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To proof $$\mathrm{Tr}(\gamma_{\mu_1}\cdots\gamma_{\mu_{2n}}) =\mathrm{Tr}(\gamma_{\mu_{2n}}\cdots\gamma_{\mu_1}),$$

I use $\gamma_\mu^\dagger=\gamma^0\gamma_\mu\gamma^0$ and get

$$\cdots=\mathrm{Tr}(\gamma^0\gamma_{\mu_1}^\dagger\cdots\gamma_{\mu_{2n}}^\dagger\gamma^0) =\mathrm{Tr}(\gamma_{\mu_1}^\dagger\cdots\gamma_{\mu_{2n}}^\dagger) =\mathrm{Tr}[(\gamma_{\mu_{2n}}\cdots\gamma_{\mu_1})^\dagger].$$

The final step is to remove the conjugate transpose. In wikipedia, it says that the trace of a product of gamma matrices is real. How can I proof it?

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  • $\begingroup$ Please note that homework-like questions and check-my-work questions are generally considered off-topic here. We intend our questions to be potentially useful to a broader set of users than just the one asking, and prefer conceptual questions over those just asking for a specific computation. $\endgroup$ – ACuriousMind Dec 7 '17 at 14:37
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Now I have found a proof for $\mathrm{Tr}(\gamma_{\mu_1}\cdots\gamma_{\mu_{2n}})\in\mathbb{R}$ with mathematical induction:

  1. For $n=1$. We know that $\mathrm{Tr}(\gamma_\mu\gamma_\nu)=4\eta_{\mu\nu}\in\mathbb{R}$.

  2. Assume the conclusion is correct for $n=k$, i.e.

$$\mathrm{Tr}(\gamma_{\mu_1}\cdots\gamma_{\mu_{2k}})\in\mathbb{R}.$$

Then for $n=k+1$, we have

$$ \begin{align} \mathrm{Tr}(\gamma_{\mu_1}\cdots\gamma_{\mu_{2k}} \gamma_{\mu_{2k+1}}\gamma_{\mu_{2k+2}}) &=\mathrm{Tr}[\gamma_{\mu_1}\cdots\gamma_{\mu_{2k}} (2\eta_{\mu_{2k+1},\,\mu_{2k+2}} - \gamma_{\mu_{2k+2}}\gamma_{\mu_{2k+1}})] \\ &=2\eta_{\mu_{2k+1},\,\mu_{2k+2}} \mathrm{Tr}(\gamma_{\mu_1}\cdots \gamma_{\mu_{2k}}) -\mathrm{Tr}(\gamma_{\mu_1}\cdots\gamma_{\mu_{2k}} \gamma_{\mu_{2k+2}}\gamma_{\mu_{2k+1}}). \end{align} $$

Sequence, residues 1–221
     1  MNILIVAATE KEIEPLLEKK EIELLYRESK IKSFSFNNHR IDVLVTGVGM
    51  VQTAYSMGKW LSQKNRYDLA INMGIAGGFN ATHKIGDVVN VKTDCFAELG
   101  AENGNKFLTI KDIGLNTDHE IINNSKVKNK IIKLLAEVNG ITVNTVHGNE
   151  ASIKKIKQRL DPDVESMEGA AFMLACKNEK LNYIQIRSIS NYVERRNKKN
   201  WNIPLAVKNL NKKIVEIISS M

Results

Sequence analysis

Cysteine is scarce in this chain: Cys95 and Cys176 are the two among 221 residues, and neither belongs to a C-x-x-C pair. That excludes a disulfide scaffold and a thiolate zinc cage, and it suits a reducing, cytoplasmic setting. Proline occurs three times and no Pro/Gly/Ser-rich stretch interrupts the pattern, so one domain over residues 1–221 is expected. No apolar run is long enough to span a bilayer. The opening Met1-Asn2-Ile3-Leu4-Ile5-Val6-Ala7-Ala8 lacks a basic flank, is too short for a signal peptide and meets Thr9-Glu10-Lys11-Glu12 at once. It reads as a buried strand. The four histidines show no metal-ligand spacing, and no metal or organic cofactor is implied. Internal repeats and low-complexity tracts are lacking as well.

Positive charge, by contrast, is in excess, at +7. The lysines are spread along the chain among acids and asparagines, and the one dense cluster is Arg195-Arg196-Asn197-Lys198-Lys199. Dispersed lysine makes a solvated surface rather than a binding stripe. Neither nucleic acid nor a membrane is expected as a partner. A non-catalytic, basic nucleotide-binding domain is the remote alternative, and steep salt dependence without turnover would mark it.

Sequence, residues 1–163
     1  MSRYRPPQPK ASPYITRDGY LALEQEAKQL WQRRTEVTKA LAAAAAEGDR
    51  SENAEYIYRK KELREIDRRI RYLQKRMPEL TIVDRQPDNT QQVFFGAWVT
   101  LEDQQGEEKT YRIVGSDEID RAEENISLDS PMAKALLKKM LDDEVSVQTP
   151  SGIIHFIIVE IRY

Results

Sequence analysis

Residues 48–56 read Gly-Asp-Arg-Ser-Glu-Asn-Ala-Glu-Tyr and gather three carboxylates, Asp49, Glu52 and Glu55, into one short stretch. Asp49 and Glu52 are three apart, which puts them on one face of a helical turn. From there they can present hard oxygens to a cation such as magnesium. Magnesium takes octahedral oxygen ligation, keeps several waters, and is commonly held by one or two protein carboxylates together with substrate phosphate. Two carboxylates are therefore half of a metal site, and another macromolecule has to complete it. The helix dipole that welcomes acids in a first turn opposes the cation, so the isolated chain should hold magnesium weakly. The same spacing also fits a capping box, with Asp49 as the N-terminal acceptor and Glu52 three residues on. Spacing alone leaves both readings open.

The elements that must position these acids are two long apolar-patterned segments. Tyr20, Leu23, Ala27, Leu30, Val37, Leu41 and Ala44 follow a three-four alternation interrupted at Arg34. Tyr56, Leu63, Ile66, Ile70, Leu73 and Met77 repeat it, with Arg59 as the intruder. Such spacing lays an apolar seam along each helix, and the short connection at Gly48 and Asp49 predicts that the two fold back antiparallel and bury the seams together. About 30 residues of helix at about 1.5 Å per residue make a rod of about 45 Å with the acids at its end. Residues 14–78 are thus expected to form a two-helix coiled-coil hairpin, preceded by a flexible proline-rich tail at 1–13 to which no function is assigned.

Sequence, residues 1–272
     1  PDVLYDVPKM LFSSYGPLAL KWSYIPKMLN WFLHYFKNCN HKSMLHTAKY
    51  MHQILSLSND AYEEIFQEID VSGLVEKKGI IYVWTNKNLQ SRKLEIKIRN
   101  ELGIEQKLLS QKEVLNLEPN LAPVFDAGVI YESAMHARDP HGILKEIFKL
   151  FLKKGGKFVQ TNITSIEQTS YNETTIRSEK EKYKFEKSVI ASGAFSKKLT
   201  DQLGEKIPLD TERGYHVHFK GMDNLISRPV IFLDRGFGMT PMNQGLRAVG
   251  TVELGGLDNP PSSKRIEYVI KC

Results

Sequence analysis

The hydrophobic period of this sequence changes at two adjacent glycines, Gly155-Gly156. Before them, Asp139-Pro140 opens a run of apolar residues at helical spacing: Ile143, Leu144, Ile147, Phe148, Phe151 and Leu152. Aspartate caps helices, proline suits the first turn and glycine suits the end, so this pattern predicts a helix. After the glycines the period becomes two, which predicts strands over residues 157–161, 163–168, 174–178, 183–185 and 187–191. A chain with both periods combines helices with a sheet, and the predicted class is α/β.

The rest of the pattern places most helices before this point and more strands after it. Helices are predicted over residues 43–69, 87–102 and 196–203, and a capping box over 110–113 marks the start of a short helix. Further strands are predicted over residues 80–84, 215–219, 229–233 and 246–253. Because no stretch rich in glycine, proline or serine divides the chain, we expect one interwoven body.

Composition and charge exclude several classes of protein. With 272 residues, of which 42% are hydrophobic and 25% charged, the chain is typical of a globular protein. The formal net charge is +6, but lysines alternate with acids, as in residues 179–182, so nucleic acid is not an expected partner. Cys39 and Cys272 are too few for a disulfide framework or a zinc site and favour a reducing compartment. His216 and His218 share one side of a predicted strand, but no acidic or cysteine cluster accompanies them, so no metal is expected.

Note that the first term is real, and the second term can be expanded in the same way:

$$ \mathrm{Tr}(\gamma_{\mu_1}\cdots\gamma_{\mu_{2k}} \gamma_{\mu_{2k+2}}\gamma_{\mu_{2k+1}}) =2\eta_{\mu_{2k},\,\mu_{2k+2}}\mathrm{Tr}(\gamma_{\mu_1}\cdots\gamma_{\mu_{2k-1}} \gamma_{\mu_{2k+1}}) -\mathrm{Tr}(\gamma_{\mu_1}\cdots\gamma_{\mu_{2k-1}} \gamma_{\mu_{2k+2}}\gamma_{\mu_{2k}}\gamma_{\mu_{2k+1}}). $$

The first term has $2n$ gamma matrices and hence is real as well. Do the same process $2n+1$ times, we can move $\gamma_{\mu_{2k+2}}$ to the first position. Each movement will lead to a minus sign, so we have

$$ \begin{align} \mathrm{Tr}(\gamma_{\mu_1}\cdots\gamma_{\mu_{2k}} \gamma_{\mu_{2k+1}}\gamma_{\mu_{2k+2}}) &=S+(-1)^{2n+1}\mathrm{Tr}(\gamma_{\mu_{2k+2}}\gamma_{\mu_1}\cdots \gamma_{\mu_{2k}}\gamma_{\mu_{2k+1}})\\ &=S-\mathrm{Tr}(\gamma_{\mu_{2k+2}}\gamma_{\mu_1}\cdots \gamma_{\mu_{2k}}\gamma_{\mu_{2k+1}})\\ &=S-\mathrm{Tr}(\gamma_{\mu_1}\cdots\gamma_{\mu_{2k}} \gamma_{\mu_{2k+1}}\gamma_{\mu_{2k+2}}) \tag*{$\mathrm{Tr}(AB)=\mathrm{Tr}(BA)$}, \end{align} $$

where $S$ contains only $\eta_{\mu\nu}$ and trace of $2n$ gamma matrices, so $S\in\mathbb{R}$.

Now obviously we have

$$ \mathrm{Tr}(\gamma_{\mu_1}\cdots\gamma_{\mu_{2k+2}}) =\frac{S}{2}\in\mathbb{R}. $$

Given the above, we now reach the conclusion that

$$ \mathrm{Tr}(\gamma_{\mu_1}\cdots\gamma_{\mu_{2n}})\in\mathbb{R} $$

for any $n$.

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